Understanding long-term trends in ocean layering
Water layering is intensifying significantly in about 40 percent of the world's oceans, which could have an impact on the marine food chain. The finding, published in the Journal of Geophysical Research: Oceans, could be linked to global warming.
Tohoku University geophysicist Toshio Suga collaborated with climate physicist Ryohei Yamaguchi of Korea's Pusan National University to investigate how upper-ocean stratification has changed over a period of 60 years.
Upper-ocean stratification is the presence of water layers of varying densities scattered between the ocean's surface and a depth of 200 meters. Density describes how tightly water is packed within a given volume and is affected by water temperature, salinity and depth. More dense water layers lie beneath less dense ones.
Ocean water density plays a vital role in ocean currents, heat circulation, and in bringing vital nutrients to the surface from deeper waters. The more significant the stratification in the upper ocean, the larger the barrier between the relatively warm, nutrient-depleted surface, and the relatively cool, nutrient-rich, deeper waters. More intense stratification could mean that microscopic photosynthetic organisms called phytoplankton that live near the ocean's surface won't get the nutrients they need to survive, affecting the rest of the marine food chain.
Scientists think that global warming could be increasing upper ocean stratification, but investigations have been limited and have usually used short-term data, leading to a large degree of uncertainty. Suga and Yamaguchi compiled temperature and salinity data from the World Ocean Database 2013, covering the period from 1960 to 2017. They then used mathematical equations to calculate the difference in temperature and salinity content between 10 and 200 meters in the regions where data was available.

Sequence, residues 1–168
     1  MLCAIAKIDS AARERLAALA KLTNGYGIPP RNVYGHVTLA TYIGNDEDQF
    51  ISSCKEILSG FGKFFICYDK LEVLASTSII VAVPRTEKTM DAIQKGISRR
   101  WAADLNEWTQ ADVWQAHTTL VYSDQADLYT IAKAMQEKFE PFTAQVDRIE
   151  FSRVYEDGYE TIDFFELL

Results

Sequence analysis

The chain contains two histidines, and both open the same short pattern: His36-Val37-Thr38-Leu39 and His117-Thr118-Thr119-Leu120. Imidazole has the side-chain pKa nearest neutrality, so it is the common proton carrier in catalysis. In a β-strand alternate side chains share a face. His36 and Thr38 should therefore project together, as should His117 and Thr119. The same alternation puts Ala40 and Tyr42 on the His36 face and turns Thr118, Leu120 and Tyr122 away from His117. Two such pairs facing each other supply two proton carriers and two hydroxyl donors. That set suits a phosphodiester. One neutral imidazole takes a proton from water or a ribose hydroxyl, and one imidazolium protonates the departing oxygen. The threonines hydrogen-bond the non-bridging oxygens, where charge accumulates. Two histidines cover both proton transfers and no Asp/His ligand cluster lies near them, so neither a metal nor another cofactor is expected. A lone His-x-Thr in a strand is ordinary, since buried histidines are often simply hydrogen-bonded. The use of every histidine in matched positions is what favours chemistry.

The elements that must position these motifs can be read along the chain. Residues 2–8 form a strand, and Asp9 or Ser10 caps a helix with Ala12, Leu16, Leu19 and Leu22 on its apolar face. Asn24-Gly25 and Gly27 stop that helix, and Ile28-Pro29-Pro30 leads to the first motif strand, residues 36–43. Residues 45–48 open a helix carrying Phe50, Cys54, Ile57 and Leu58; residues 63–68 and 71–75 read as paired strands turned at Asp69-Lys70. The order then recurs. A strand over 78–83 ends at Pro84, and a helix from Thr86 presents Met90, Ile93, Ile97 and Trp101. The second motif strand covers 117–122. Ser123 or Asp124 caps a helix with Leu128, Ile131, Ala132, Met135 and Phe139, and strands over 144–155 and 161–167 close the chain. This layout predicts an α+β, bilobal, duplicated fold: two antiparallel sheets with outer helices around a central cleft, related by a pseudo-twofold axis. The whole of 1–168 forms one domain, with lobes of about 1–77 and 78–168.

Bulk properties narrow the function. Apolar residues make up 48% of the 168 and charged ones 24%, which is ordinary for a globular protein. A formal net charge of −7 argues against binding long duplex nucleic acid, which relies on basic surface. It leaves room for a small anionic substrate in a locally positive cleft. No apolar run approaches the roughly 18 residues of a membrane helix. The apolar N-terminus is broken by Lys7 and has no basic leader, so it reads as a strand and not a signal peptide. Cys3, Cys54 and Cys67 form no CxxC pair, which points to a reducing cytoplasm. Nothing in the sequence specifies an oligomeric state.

They found that around 40 percent of the world's oceans are witnessing a rise in upper ocean density stratification. Half of this rise is happening in tropical waters. They also found that rising stratification in mid-latitude and high-latitude oceans of the Northern Hemisphere varied seasonally, with faster changes happening in the summer compared to winter months.
Additionally, inter-annual variations in several regions correlated with climatic events, such as the Pacific Decadal Oscillation, the North Atlantic Oscillation and El Niño. This suggests that changes in density stratification could be a key factor explaining how large-scale atmospheric changes impact biogeochemical processes, the researchers say.
Suga and Yamaguchi note further studies are needed to confirm this link. But for this to happen, continued international corroborative efforts are needed to gather global, long-term temperature and salinity data across various upper-ocean depths.